How are Christians to interact with those who are lost? God calls disciples to be IN the world, but not OF the world. This can lead to a retreat from the world at-large into a Christian sub-culture, where we interact only with fellow believers and shun unbelievers and sinners.
We need to remember that Jesus dined with sinners and tax collectors. This passage, found in Matthew 9:9-13 presents the undeniable fact that Jesus reclined in the presence of those who were moral outcasts and political traitors. Some may say that Jesus accepted these individuals as they were and did not judge them nor call them to change who they were. Should Christians love and accept sinners and the lost as they are and not seek to share the Gospel with them and help bring them to faith in Jesus?
To better understand this passage we need to see it in context. The catalyst of this supper is the conversion of the disciple Matthew, who was a tax collector himself. The focus at the conclusion of the narrative falls on the Pharisees’ response, who blame Jesus for simply being in the very presence of these outcasts. Jesus answers with two extremely profound statements.
Jesus first says, “It is not those who are healthy who need a physician, but those who are sick.” In this comment, the Savior equates the healthy with being the Pharisees and the sick being the sinners and tax collectors. Yet, this is not a compliment for the Pharisee. For the sick will get better, but the Pharisee has a false sense of self-health. The Pharisee diagnosed himself as righteous because of who he was, the laws he kept, and the group with whom he identified. Because the Pharisees taught and interpreted the Law and they followed the ceremonies of their religious group to the letter, this made them feel righteous before God. To the Pharisee sinners and tax collectors were outside the possibility of goodness simply because of the present nature of their sinful status. They were disqualified. They were outside the grace of God. They did not deserve the attention of righteous people. Jesus said otherwise. He said to conclude the passage, “I desire compassion and not sacrifice, for I did not come to call the righteous (the self-righteous), but sinners.”
The sinners and tax collectors who dined with Jesus were friends and fellow outcasts with Matthew, Jesus’ newest disciple. The religious establishment shunned them. They knew deep down in their hearts that something was missing in their life. They knew they were sinners, and they saw their hope in Jesus. They were humble enough to listen to the Savior. The Pharisees saw themselves to be good enough on their own, and they did not need a Redeemer. This passage teaches us that only a humble realization of sinfulness will point to salvation. Pride and self-righteousness will never lead us to the answer we seek. Religion never saves, only Jesus does. We as Christians must realize that it is only by the grace of God that we are saved, and God calls us to focus on compassion towards those who are blinded by sin.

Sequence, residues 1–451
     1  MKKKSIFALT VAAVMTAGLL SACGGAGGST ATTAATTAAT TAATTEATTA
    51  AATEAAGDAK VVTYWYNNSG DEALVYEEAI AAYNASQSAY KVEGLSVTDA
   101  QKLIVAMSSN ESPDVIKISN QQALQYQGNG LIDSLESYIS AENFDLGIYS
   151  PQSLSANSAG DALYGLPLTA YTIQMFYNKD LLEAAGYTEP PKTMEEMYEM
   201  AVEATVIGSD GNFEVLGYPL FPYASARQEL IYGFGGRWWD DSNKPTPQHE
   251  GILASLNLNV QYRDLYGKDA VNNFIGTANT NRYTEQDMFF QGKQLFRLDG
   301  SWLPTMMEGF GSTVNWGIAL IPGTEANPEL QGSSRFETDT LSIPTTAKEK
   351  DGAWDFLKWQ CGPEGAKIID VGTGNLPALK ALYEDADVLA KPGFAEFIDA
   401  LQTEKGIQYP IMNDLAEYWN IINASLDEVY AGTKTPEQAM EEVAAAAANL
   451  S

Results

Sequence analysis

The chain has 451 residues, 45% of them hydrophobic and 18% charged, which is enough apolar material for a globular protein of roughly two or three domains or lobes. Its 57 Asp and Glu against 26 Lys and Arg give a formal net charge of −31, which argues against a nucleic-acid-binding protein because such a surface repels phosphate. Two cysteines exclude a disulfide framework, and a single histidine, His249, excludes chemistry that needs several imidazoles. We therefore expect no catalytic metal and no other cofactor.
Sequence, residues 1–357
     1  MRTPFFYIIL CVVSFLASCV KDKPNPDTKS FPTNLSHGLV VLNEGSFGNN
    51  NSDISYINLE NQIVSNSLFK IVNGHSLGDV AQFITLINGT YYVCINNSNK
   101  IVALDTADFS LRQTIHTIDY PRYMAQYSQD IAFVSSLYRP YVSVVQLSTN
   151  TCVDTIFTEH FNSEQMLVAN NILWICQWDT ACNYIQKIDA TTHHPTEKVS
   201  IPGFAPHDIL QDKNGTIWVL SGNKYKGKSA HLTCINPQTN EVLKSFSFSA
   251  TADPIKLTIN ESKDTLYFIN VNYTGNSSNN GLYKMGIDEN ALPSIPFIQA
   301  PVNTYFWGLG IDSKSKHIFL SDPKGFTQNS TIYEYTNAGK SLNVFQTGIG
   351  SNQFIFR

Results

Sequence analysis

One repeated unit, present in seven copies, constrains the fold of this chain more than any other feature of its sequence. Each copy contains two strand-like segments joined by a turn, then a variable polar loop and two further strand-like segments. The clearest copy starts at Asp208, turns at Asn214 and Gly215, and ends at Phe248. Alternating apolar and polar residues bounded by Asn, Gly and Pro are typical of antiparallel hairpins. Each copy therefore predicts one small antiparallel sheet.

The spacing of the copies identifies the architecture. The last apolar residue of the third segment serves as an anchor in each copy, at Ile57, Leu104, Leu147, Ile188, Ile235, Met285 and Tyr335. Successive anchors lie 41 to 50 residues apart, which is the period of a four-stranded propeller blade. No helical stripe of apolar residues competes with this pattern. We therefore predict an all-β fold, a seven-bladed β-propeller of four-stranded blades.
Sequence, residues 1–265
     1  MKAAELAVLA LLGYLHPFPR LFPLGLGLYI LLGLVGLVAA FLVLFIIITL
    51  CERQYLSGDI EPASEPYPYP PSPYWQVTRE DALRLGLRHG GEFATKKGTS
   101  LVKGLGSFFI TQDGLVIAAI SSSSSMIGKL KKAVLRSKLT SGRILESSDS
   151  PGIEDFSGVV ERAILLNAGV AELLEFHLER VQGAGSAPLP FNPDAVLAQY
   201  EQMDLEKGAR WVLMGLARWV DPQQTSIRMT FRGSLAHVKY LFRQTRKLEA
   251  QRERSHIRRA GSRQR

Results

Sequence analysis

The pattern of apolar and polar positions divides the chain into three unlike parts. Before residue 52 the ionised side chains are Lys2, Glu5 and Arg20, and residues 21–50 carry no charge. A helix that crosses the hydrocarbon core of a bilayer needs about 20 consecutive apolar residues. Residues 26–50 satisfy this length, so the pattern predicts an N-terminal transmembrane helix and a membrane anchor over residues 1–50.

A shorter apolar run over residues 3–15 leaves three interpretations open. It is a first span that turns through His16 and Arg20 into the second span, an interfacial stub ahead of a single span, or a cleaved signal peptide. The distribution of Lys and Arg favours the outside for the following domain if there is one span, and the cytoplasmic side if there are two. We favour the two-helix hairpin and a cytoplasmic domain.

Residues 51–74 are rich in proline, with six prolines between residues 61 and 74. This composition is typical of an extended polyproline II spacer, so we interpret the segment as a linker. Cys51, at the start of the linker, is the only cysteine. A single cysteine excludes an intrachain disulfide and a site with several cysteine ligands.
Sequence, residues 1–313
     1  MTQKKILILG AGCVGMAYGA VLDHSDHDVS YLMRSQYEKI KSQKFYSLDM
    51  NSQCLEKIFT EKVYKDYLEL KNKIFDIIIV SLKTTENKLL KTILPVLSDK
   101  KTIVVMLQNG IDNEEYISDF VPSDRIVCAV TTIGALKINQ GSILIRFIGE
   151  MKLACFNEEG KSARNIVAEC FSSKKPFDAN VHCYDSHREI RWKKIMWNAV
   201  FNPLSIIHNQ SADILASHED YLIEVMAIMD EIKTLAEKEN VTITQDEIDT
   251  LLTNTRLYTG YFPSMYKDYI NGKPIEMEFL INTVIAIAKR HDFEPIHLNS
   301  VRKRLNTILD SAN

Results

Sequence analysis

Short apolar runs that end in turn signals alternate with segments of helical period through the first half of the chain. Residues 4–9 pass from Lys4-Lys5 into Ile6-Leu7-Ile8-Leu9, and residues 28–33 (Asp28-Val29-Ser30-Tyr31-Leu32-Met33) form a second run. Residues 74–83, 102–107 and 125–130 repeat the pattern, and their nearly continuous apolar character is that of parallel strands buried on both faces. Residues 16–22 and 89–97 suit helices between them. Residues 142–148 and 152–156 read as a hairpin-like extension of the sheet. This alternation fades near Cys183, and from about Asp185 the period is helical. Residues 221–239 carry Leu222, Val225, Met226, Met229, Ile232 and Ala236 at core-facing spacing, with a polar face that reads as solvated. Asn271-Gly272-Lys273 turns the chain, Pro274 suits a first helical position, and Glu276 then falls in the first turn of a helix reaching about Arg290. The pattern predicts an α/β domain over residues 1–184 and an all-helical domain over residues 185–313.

Jesus came to those who sought Him where they were; Jesus went where He was invited. He did not wait for them to get “better” on their own before engaging with them in dialogue. Yet, Jesus called the sinners and tax collectors to a changed life of repentance. We must not forget that Matthew left his tax booth never to return, Zaccheus reimbursed four times over those he defrauded, and Jesus said to the woman caught in adultery, “Neither do I condemn you, go and sin no more.” The Messiah teaches disciples that there is no one still breathing on this earth who is outside the possibility of grace and mercy. No one is too far removed from the reach of the Savior’s Gospel. Christians must bring the gospel to where the lost are. Therefore, Christians must be known by the compassion of Jesus, not the condemnation of the Pharisee. Then, maybe sinners will invite us in for dinner to tell them about this Jesus we know.
-Joshua Moore is Pastor at Sharon First Baptist Church, Sharon, TN. This article was first published in the 8/9/2023 edition of the Weakly County Press, Martin, TN. Photo courtesy of Matheus Frade [unsplash.com]